Friday, August 24, 2012

The Lamassu

Hailing from the ancient Middle East, (Mesopotamia,  Babylon, Assyria) the Lamassu is a human hybrid creature of great benevolence.
Typically portrayed with the body of bull, and head of a bearded man, complete with wings - they were considered protective deities. Colossal statues of these beast have been found in the ruins of Babylonian and Assyrian cities.  The statues were positioned as guardians at the entrances to palaces and small carved tablets depicting these beasts have been found placed under the door thresholds. This indicates that they were sentinal guardians.

In Mesopotamian mythology Lamassu help people fight evil, and each day they were said to hold the gates of dawn open so that the sun god could rise.

Rather uniquely the Lamassu carvings have two aspects, when viewed from the side they look as though they are striding forward, yet when viewed from the front appear to be standing guard. You can see in this picture how they have done this by placing an extra leg in the carving.

 In some texts the Lamassu seem to be depicted with a lions body, rather than a bulls. In my humble opinion, I think this is where many of the flying Manticore imagery has its origins. In my post about the manticore, I mention that in more recent times, there seems to have been the addition of wings to the traditionally wingless creature. It's my belief that there may have been some level of confusion between the manticore (Head of a man and body of a lion) and the Lamassu (Head of a man, body of bull or Lion with wings). It's just a thought....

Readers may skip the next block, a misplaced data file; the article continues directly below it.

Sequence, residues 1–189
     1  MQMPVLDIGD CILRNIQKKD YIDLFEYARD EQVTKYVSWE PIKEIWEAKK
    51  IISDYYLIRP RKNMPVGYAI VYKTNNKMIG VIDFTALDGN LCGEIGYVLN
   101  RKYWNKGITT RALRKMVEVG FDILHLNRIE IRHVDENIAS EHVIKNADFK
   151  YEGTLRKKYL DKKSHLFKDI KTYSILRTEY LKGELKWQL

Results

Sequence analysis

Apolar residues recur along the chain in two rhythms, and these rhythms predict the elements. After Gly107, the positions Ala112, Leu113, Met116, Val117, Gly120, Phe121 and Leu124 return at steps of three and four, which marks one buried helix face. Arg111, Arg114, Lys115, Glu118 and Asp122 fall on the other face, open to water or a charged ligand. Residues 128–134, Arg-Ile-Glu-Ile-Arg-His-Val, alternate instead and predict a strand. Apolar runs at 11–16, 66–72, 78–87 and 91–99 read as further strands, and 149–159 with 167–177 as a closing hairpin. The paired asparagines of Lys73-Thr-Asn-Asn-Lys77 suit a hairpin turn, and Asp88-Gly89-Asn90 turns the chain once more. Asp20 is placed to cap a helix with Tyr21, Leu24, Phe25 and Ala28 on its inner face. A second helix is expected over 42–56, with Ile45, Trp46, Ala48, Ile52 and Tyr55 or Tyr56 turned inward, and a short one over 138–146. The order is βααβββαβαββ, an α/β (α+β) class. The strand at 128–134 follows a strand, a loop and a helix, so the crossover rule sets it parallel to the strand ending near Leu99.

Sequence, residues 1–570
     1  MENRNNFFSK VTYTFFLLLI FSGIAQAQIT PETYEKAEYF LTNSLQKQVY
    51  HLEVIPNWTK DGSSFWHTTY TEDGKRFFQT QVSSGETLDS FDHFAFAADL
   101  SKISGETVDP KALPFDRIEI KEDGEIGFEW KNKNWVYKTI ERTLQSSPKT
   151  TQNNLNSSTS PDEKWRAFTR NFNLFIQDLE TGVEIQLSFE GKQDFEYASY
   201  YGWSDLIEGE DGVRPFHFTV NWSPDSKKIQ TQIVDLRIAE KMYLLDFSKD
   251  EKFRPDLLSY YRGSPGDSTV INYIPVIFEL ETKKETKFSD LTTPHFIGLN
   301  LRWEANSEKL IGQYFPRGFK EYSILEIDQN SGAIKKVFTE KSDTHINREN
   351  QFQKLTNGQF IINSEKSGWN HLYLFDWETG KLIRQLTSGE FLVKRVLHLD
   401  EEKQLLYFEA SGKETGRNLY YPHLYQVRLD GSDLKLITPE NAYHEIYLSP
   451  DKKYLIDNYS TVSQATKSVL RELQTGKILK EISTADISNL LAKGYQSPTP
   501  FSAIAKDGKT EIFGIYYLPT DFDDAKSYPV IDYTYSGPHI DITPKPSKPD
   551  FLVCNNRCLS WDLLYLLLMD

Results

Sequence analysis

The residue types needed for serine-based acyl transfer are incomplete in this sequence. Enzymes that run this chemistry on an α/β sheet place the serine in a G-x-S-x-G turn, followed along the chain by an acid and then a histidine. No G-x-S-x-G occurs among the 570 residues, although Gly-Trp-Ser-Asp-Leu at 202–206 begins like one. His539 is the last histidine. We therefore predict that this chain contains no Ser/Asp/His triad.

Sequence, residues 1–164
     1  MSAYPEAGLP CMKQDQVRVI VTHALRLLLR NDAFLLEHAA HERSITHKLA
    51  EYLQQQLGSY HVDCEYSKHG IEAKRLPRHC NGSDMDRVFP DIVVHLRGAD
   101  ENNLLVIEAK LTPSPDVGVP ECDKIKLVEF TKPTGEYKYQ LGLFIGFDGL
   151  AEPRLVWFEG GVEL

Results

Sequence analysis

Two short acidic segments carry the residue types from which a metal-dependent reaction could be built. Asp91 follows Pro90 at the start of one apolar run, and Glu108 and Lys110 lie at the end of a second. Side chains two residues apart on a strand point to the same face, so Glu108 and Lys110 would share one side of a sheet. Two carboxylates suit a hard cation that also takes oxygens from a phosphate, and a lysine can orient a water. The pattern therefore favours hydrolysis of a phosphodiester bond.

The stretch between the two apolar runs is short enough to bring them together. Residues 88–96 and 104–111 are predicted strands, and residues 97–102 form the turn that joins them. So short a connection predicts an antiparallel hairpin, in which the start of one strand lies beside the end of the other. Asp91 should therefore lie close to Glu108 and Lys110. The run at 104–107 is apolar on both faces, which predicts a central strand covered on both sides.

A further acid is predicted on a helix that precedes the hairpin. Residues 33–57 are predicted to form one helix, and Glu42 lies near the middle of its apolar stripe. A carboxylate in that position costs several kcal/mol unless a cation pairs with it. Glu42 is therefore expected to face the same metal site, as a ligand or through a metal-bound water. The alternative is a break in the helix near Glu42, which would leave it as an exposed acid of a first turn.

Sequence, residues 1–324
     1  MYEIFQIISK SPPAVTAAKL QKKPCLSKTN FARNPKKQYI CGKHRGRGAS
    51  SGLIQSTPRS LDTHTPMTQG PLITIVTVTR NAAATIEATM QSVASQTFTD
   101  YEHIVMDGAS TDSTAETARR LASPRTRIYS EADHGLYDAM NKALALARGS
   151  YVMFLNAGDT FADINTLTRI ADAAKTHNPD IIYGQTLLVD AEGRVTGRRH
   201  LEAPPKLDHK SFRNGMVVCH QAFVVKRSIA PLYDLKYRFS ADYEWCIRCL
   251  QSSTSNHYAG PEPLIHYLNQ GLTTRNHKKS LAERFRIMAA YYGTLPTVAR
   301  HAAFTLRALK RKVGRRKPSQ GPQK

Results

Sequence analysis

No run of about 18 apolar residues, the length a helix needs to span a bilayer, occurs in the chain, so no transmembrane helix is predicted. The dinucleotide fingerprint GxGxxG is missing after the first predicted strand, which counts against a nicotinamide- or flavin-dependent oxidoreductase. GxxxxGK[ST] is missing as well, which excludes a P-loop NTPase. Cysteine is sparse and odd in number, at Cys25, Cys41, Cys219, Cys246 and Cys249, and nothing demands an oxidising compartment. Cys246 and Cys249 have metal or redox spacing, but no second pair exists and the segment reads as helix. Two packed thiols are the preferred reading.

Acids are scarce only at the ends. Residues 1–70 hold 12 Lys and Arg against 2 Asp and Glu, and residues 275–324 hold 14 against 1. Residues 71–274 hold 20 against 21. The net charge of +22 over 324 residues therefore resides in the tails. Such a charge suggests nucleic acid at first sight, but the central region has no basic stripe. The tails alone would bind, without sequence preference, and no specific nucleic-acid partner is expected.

Manticore with wings
Human heads on animal bodies is a popular theme throughout mythology and the Lamassu is no exception.

I have never read of a Lamassu in popular fiction, however, according to wikipedia, in the Chronicals of Narnia there is a human headed bull who is part of Aslan's army, and they also have made an appearance in Warhammer Fantasy Battle and Dungeons and Dragons.

Anyhoo, that's me for the day. Enjoy your weekend.

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